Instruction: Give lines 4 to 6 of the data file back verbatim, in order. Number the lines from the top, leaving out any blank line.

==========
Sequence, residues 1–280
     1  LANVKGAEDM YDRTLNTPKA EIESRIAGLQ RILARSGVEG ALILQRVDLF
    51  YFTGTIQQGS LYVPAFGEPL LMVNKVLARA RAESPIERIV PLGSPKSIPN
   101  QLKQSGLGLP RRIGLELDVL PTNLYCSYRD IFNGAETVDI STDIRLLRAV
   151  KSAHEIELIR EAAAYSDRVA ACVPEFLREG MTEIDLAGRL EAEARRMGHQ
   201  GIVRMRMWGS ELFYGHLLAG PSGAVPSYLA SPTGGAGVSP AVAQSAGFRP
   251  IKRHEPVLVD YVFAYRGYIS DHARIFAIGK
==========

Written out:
   101  QLKQSGLGLP RRIGLELDVL PTNLYCSYRD IFNGAETVDI STDIRLLRAV
   151  KSAHEIELIR EAAAYSDRVA ACVPEFLREG MTEIDLAGRL EAEARRMGHQ
   201  GIVRMRMWGS ELFYGHLLAG PSGAVPSYLA SPTGGAGVSP AVAQSAGFRP